Sunday, September 25, 2016

Sequa Corp Failing after a Decade Under PEU Management



Carlyle purchased Sequa Corporation in December 2007 when private equity firms paid premium prices to buy companies.  That debt is coming due.  Bloomberg reported:

All of Sequa’s debt is due next year, according to Standard and Poors, starting with its $1.3 billion term loan in June 2017, followed by $350 million of bonds in December.
At the time of Carlyle's purchase Sequa had $2.19 billion in revenues and $700 million in debt, which Carlyle assumed as part of the $2.7 billion deal.

Sequa had "six businesses with leading positions in niche markets," according to Carlyle's website.  Forbes story on the $2.7 billion buyout said Sequa had seven divisions.  It's down to two today with annual revenues of $1.3 billion.

CNBC reported on Carlyle's buyout:

The Sequa deal, expected to close in the fourth quarter, will be financed through a combination of equity contributed by investment funds affiliated with Carlyle, and external debt financing provided by Lehman Brothers, Citigroup and JP Morgan.  
The Lehman-Carlyle-Sequa link is reflected in the 2012 board bio:

Mr. Adam J. Palmer is a Managing Director of Carlyle and has been the Head of the Global Aerospace and Defense sector team since 2011. Mr. Palmer joined Carlyle in 1996 as a member of the Aerospace, Defense and Government Services sector team. Prior to joining Carlyle, Mr. Palmer was with Lehman Brothers focusing on mergers, acquisitions and financings for defense electronics and information services companies. He currently serves on the board of directors of Wesco Aircraft, RPK Capital Management Group, LLC, Sequa Corporation, Triumph Group, Inc. and Landmark Aviation, and previously served on the board of directors of Standard Aero, Ltd., U.S. Investigations Services, Inc. and Vought Aircraft Industries, Inc. 
Since 2012 Palmer landed board seats at Global Jet Capital, Dynamic Precision Group and Novetta Solutions LLC.

Mr. Palmer could tell us what happened to four or five Sequa businesses since Carlyle bought the company.  The board sold Sequa Automotive Group for $400 million in 2012.  It's not clear what Carlyle did with the proceeds.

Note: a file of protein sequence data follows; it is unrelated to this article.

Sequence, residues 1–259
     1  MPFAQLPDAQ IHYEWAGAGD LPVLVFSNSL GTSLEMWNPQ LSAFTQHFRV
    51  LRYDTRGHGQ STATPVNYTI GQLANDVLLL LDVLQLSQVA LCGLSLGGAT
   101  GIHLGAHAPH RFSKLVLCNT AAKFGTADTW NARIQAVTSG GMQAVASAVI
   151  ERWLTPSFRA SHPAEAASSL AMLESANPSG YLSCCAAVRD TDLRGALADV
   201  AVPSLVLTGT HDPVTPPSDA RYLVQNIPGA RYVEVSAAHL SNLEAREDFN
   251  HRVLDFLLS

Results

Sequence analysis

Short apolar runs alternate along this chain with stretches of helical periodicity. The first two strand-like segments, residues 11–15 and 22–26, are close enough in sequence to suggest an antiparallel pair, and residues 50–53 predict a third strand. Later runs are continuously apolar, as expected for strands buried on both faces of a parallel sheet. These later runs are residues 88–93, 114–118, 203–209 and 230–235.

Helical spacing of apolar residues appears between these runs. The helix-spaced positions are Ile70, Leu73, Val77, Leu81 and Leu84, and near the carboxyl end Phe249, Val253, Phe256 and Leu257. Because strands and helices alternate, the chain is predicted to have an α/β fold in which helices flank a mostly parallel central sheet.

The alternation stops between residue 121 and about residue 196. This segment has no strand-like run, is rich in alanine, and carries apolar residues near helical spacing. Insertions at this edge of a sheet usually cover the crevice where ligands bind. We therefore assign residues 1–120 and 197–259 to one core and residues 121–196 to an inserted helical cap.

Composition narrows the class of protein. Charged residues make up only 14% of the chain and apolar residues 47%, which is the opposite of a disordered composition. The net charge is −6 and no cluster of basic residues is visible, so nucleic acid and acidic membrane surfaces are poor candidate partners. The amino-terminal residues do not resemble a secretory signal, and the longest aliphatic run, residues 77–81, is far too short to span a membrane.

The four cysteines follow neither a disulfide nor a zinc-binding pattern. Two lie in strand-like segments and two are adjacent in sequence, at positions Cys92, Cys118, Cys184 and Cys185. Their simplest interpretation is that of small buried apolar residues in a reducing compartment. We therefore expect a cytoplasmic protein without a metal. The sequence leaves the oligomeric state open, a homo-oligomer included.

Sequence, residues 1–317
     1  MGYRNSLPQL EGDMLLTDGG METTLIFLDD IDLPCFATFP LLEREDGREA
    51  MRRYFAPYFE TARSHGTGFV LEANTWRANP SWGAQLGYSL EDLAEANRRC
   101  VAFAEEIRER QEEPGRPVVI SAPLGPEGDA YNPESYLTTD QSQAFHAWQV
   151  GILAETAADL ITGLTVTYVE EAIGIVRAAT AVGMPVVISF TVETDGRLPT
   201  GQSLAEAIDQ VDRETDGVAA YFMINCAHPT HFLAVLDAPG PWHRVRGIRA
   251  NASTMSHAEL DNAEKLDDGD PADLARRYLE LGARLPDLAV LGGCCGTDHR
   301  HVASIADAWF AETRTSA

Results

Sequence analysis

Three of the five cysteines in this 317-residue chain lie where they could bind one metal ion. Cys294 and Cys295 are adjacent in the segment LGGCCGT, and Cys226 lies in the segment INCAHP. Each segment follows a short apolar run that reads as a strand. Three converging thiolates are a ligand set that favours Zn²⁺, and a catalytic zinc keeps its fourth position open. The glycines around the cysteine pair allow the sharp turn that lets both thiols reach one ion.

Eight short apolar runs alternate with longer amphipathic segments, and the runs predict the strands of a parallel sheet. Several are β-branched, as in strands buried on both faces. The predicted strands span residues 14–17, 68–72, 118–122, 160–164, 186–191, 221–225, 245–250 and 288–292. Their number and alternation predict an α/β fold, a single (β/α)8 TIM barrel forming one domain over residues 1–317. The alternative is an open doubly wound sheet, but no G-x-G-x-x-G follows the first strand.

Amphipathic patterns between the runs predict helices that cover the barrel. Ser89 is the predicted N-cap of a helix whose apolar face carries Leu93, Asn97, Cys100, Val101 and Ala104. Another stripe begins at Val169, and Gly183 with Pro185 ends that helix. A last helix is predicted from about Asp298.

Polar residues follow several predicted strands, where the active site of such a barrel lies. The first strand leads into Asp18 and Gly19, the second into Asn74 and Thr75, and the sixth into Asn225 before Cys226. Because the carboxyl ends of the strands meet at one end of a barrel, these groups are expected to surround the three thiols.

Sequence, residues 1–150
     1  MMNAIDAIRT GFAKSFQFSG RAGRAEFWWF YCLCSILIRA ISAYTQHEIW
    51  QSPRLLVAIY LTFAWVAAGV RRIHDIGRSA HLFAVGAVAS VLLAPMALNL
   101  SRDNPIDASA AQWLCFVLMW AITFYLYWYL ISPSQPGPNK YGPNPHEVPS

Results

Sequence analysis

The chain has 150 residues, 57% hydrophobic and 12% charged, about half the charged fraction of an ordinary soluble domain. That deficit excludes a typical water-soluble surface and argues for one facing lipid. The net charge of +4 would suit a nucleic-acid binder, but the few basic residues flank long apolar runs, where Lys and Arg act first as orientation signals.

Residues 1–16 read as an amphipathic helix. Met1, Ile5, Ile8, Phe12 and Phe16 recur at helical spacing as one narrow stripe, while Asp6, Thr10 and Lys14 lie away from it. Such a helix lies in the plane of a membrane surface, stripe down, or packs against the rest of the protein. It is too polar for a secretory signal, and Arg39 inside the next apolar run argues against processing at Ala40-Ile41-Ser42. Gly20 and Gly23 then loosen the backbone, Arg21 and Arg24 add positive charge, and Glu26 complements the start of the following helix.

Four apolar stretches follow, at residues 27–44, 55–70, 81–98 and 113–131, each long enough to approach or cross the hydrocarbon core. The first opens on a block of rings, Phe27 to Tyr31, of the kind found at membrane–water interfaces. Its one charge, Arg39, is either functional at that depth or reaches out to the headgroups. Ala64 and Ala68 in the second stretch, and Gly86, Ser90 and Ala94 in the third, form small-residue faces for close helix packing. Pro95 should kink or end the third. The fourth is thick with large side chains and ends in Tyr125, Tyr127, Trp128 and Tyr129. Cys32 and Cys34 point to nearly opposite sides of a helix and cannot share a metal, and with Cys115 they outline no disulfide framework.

Sequa 2007 was a thriving company with numerous divisions in growing niche industries.  After nearly ten years of Carlyle Group ownership it's a stressed shell of its former self.

Carlyle put $1.01 billion of investor money into the 2007 buyout of Sequa, according to fund marketing documents viewed by Bloomberg News.
SEC filings on the buyout show the mix of equity and debt.  Carlyle borrowed $2 05 billion to seal the deal.

Equity Financing - It is expected that up to $900 million of the Merger consideration will be provided through the issuance by Parent of common equity to Carlyle Partners V, L.P. and certain of its affiliates and co-investors. 

Debt Financing - Parent has received a debt commitment letter, dated as of July 8, 2007, from Lehman Brothers Inc., Lehman Commercial Paper Inc., Lehman Commercial Bank, Citigroup Global Markets Inc., JPMorgan Chase Bank, N.A. and JPMorgan Securities Inc. (collectively, the “Banks”), which provides the following, subject to the conditions described below: 
 • a $1.2 billion senior secured first lien term loan facility (the “First Lien Term Loan Facility”); 
 • a $150 million senior secured revolving credit facility (the “Revolving Facility” and together with the First Lien Term Loan Facility, the “Senior Facilities”); and 
 • $700 million aggregate gross proceeds of unsecured senior notes
Moody's shows current debt levels of $1.76 billion

$1,228 million (outstanding) senior secured term loan due 2017, downgraded to Caa3 (LGD3) from Caa1 (LGD3)
$175 million senior secured revolver due 2017, downgraded to Caa3 (LGD3) from Caa1 (LGD3)
$350 million senior unsecured notes due 2017, downgraded to C (LGD5) from Ca (LGD5) 
Carlyle "grew" Sequa down nearly $900 million in annual revenue over a nine year period while retiring/offloading $254 million in debt.   Company wide revenue declined 41%, while debt decreased 12.4%.

I wonder how the family of founder Norman Alexander feels about the deal with Carlyle today.  They might want to give the Brinton's clan a call.